What Is a Single-Purpose Reverse Mortgage?
A single-purpose reverse mortgage is an agreement through which lenders make payments to borrowers in exchange for a portion of the borrower’s home equity. Borrowers must use these payments for a specific purpose approved by the lender.
- A reverse mortgage is a type of loan for seniors aged 62 and older that allows homeowners to convert some of their home equity into cash income.
- In a single-use reverse mortgage, borrowers must use these payments for a specific purpose approved by the lender.
- In particular, these lump-sum advances can be used to pay for property taxes, maintenance and upkeep of the home, home insurance premiums, or to cover common payments that fall within the lender’s interest.
- Other types of reverse mortgages are less restrictive but more costly, however single-purpose loans are also harder to come by.
Understanding Single-Purpose Reverse Mortgages
A single-purpose reverse mortgage allows homeowners at the age of 62 or older the ability to turn existing home equity into a steady income stream in retirement. As with any reverse mortgage, lenders make payments to borrowers as an advance on their home equity. In most cases, lenders expect repayment when the borrower moves out of the home or passes away, at which point the sale of the home would theoretically cover the loan repayment, since the lender bases the loan's payments on the borrower’s existing equity.
Single-purpose reverse mortgages limit the purposes for which borrowers can put the payments they receive to use. For example, lenders can insist that funds be used for maintenance and upkeep of the home, or to cover common payments that fall under the lender’s interest, such as property taxes or homeowner’s insurance. Because of this, borrowers typically find them easier to obtain and at lower interest rates than other types of reverse mortgages.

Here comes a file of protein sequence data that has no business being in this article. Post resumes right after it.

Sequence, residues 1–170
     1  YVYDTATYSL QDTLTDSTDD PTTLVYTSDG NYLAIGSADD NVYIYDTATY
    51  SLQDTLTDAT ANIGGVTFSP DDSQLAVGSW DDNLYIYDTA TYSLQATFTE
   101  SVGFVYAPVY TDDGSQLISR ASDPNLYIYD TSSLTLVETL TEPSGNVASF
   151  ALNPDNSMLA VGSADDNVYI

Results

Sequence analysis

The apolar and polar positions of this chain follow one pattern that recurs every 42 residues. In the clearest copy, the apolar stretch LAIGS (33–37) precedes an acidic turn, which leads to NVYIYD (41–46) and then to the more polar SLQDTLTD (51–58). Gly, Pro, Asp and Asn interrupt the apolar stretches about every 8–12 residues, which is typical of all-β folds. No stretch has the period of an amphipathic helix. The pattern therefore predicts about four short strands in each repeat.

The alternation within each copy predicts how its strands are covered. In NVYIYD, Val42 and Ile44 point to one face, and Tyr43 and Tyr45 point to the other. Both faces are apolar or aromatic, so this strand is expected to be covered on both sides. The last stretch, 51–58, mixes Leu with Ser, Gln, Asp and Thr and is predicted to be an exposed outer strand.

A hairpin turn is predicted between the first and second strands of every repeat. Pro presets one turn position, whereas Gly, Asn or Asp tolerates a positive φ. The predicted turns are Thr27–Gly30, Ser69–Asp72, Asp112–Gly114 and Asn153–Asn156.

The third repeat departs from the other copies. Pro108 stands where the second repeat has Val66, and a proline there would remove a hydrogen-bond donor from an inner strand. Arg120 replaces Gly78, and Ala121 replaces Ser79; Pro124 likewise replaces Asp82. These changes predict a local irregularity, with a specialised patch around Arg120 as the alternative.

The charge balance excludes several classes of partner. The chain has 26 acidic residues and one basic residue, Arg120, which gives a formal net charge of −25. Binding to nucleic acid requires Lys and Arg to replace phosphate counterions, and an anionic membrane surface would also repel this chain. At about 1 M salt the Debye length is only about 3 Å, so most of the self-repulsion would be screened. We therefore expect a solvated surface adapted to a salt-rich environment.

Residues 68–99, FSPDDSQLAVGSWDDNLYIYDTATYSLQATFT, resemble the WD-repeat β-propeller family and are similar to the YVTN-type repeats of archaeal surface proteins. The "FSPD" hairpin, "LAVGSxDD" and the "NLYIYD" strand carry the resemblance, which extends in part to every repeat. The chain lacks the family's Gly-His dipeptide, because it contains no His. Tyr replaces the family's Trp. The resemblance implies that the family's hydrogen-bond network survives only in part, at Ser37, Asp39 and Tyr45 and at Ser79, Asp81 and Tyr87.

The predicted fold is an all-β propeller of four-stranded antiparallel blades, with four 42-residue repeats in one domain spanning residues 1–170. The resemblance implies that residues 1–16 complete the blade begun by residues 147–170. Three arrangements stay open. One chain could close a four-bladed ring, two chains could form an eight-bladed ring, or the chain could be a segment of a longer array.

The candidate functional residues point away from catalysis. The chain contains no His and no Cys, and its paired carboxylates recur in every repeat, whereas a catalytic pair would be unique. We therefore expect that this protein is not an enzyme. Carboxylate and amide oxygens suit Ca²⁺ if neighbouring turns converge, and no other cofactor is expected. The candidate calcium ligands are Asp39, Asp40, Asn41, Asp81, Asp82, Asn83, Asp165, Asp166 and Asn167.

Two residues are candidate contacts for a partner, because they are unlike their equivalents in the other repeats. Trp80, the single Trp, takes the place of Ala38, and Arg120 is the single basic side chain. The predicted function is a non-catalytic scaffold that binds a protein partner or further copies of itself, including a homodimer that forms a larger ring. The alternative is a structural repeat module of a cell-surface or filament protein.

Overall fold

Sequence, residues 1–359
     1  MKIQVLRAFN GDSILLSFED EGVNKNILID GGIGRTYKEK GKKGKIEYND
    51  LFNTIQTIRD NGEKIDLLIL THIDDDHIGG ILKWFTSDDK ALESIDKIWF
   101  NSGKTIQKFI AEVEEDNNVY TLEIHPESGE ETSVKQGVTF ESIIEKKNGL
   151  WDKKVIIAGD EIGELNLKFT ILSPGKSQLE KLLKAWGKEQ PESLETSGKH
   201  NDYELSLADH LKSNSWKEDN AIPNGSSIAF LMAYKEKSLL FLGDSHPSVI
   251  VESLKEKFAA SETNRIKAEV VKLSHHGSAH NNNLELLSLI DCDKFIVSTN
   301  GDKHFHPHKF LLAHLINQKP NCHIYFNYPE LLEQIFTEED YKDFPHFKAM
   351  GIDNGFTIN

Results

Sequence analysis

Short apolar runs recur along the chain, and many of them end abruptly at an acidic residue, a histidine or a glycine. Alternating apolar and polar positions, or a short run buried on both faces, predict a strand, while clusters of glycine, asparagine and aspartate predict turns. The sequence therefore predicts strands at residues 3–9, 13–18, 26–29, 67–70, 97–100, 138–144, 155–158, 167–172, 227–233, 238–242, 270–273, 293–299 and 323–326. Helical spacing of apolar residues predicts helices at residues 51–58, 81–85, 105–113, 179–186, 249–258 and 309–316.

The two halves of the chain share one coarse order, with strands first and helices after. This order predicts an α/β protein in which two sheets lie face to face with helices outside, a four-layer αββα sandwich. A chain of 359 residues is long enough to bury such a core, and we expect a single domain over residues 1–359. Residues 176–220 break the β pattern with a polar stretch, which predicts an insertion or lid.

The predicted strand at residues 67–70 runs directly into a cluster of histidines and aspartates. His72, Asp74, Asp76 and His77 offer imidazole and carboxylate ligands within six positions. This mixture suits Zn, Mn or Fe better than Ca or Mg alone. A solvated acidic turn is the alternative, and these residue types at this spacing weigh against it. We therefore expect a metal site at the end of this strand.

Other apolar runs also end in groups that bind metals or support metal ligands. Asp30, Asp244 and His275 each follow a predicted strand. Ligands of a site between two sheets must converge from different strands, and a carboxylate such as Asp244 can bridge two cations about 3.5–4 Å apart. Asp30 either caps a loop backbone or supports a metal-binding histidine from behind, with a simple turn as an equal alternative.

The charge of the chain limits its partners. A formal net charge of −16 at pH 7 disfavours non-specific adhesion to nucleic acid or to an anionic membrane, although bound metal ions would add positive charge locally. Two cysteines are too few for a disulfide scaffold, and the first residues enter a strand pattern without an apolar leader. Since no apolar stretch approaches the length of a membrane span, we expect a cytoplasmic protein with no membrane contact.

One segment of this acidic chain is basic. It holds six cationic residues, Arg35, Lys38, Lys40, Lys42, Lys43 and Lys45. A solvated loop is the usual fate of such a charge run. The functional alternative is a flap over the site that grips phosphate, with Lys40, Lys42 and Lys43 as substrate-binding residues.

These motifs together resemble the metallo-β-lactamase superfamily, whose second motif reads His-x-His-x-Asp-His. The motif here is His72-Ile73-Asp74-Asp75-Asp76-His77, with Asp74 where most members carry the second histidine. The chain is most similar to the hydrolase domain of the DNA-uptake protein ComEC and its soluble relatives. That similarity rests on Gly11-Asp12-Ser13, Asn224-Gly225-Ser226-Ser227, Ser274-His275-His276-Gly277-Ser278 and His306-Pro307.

On the other hand, borrowers may find it challenging to locate lenders who offer these types of loans. Because these purposes are intended to feed back into the home itself or its upkeep, it maintains the collateral for the lender, making these loans less costly than on others that are general purpose.
Most single-purpose reverse mortgages get issued by government agencies and non-profit organizations.
Reverse mortgages typically make the most sense for elderly borrowers who have paid off their homes and need a consistent income stream. Homeowners retain the title to their home when they take out a reverse mortgage. Because payments represent an advance on equity, government agencies do not consider them as income, which means they do not increase the borrower’s tax burden, nor do they usually affect eligibility for receipt of funds from Social Security or Medicare.
Other Types of Reverse Mortgages
The U.S. Department of Housing and Urban Development (HUD) insures the most common form of a reverse mortgage, home equity conversion mortgages (HECMs). Borrowers may use payments from these reverse mortgages for any purpose they wish. HUD maintains restrictions on the amount borrowers can receive via a home equity conversion mortgage, however. HUD requires borrowers to meet with a counselor employed by an independent housing counseling agency before applying for a home equity conversion mortgage.
For those with more expensive homes seeking to qualify for higher payments, some financial firms offer privately backed loans known as proprietary reverse mortgages. Borrowers looking for these reverse mortgages can avoid the fee involved with meeting a counselor by going directly to lenders, but the Federal Trade Commission (FTC) warns consumers who do so to shop carefully, compare different advice from different lenders and be wary of high-pressure sales pitches or hidden fees.
Mortgage lending discrimination is illegal. If you think you've been discriminated against based on race, religion, sex, marital status, use of public assistance, national origin, disability, or age, there are steps you can take. One such step is to file a report to the Consumer Financial Protection Bureau or with the U.S. Department of Housing and Urban Development (HUD).